After the U.S and Russia, China has become the third country to collect rock samples from the moon in over four decades. The last mission to the moon for collecting rocks took place in 1976.
The Chinese National Space Agency said they had launched the Chang’e 5 spacecraft to collect lunar rock samples, and as per the details, it took place from the Wenchang Spacecraft Launch Center on Monday. The Chang’e 5 is due to return to earth in mid-December if the mission goes according to the plan.
One of the most powerful launchers was used to launch the Chang’e 5 to space. It is called the Long March 5 heavy-lifter rocket and is the third most powerful launcher after United Launch Alliance’s Delta 4 and SpaceX’s Falcon 9 Heavy launchers. The lunar rock collecting mission is complex; however, after the recent successful launches to space, the CNSA’s confidence is high.
The Chang’e 4 launched previously by the CNSA was also a success as it landed a moon rover on the far side of the moon. Given these recent stats on the Chinese space agency, it won’t be wrong saying that this mission is most probably going to be another space success for China.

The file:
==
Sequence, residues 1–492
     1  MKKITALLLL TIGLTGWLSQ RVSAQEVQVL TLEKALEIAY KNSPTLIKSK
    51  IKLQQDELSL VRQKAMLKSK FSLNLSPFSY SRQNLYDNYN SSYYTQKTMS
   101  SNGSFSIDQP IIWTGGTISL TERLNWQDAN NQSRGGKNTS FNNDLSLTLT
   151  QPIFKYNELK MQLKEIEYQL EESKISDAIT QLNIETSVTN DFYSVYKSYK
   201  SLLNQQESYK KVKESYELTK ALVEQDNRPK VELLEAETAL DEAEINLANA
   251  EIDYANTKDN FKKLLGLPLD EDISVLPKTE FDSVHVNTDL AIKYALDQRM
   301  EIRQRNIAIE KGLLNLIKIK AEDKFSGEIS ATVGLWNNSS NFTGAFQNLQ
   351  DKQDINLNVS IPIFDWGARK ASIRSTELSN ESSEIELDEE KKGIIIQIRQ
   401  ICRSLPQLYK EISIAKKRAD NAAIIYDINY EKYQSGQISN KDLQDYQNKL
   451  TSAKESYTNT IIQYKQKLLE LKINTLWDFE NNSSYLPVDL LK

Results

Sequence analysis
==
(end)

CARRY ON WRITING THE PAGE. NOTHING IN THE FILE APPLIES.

Mons Rümker has been determined as the landing spot for the Chang’e 5. The spot comes in the Oceanus Procellarum region on the near side of the moon.
The landing site was chosen on purpose as it contains rocks that are a lot younger than those collected by the U.S. and Russia about four decades ago. This will expectedly offer scientists a new data point to precisely measure the events in our solar system.
Chang’e 5 will go into orbit once it reaches the Moon. Its lander will then separate and go on a powered descent. Once it hits the lunar surface, it will assess its surroundings before the lunar rocks are obtained before returning to orbit and later joining the orbiter.
As per the CNSA’s plan, the spacecraft with the lunar samples will return to earth in a span of 23 days. It will land in the Siziwang Banner grassland, Mongolia.
Space exploration experts see it as an extraordinary expansion in lunar activity. Recent times have witnessed powerful nations launching more space missions than ever before. The U.S Artemis program to return astronauts to the moon, Chinese with their ambitious space exploration targets, and many new actors are spending on space ventures.